How is pouchitis diagnosed?

The doctor will consider the patient’s symptoms and the results of an endoscopy (examination of the inside of the pouch with an instrument called an endoscope). A pouchoscopy (endoscopy of the pouch) can show how widespread the inflammation is, whether or not the ileum is irritated, or if the patient has Crohn’s disease or Crohn’s-like disease of the pouch.

Endoscopy can also show if the patient has cuffitis (inflammation at the anal transition zone, or cuff), or abnormalities such as narrowed passages or cavities or openings. Patients who have cuffitis often have bright red blood (mild to moderate, or on wiping) in stool.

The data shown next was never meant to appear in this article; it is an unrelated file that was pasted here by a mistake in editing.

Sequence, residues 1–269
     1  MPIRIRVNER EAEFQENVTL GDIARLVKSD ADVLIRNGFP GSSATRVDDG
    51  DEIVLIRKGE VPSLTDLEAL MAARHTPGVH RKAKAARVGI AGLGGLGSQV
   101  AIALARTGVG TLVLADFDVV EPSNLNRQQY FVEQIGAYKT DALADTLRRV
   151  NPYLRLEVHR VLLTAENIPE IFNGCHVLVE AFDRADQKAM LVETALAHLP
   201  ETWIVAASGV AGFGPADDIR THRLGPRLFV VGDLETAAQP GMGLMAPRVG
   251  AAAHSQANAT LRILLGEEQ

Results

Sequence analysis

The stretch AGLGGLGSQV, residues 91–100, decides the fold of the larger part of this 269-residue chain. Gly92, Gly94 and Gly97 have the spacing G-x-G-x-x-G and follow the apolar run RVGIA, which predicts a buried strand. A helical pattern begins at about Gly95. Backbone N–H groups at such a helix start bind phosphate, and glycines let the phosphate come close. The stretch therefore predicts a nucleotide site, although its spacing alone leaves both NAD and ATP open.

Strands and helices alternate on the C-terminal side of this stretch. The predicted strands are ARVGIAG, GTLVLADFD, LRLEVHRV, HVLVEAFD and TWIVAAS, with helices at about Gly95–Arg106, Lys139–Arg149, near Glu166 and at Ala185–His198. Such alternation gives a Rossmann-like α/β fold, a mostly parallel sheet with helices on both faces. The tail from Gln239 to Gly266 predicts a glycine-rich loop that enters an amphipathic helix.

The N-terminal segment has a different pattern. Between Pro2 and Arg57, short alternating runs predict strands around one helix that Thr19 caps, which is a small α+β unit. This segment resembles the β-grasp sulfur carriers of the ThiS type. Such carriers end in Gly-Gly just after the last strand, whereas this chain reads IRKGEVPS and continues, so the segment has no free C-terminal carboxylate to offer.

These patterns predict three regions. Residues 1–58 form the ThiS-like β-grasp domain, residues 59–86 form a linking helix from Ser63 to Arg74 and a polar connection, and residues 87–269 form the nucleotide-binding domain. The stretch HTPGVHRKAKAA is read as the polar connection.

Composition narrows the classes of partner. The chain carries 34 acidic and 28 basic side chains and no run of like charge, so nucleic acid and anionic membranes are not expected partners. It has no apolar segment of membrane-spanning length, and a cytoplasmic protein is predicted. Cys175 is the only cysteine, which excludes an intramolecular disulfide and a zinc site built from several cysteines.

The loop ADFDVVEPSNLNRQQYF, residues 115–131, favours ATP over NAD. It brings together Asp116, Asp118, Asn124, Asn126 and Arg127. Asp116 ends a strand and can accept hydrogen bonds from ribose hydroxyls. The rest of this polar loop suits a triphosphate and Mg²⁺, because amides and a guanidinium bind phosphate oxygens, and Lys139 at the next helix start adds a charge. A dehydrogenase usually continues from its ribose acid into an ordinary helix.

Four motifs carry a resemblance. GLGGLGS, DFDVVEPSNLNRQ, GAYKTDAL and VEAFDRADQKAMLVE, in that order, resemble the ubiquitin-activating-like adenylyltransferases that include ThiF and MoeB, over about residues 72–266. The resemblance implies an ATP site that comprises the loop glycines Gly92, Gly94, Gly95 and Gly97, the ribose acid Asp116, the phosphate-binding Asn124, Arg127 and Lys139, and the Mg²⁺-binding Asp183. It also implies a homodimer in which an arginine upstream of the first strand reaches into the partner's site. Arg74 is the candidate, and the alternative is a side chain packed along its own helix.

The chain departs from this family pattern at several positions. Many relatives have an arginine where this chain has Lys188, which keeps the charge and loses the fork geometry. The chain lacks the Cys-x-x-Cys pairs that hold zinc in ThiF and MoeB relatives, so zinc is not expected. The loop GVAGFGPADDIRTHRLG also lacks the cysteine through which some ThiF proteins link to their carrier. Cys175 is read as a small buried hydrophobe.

The doctor may take a biopsy (sample of the tissue) during the endoscopy to look for other unusual things, such as polyps, infection, any inflamed granulated (grainy) tissue, or a restricted blood supply.

Imaging studies such as contrast pouchography, CT (computed tomography), gastrografin enema, barium defecography, and/or MRI (magnetic resonance imaging) of the pelvis or abdomen may also be used to help with diagnosis. A test called anorectal manometry is helpful in learning if the pelvic floor is not functioning properly, especially in patients who strain during defecation.

Last reviewed by a Cleveland Clinic medical professional on 01/16/2019.


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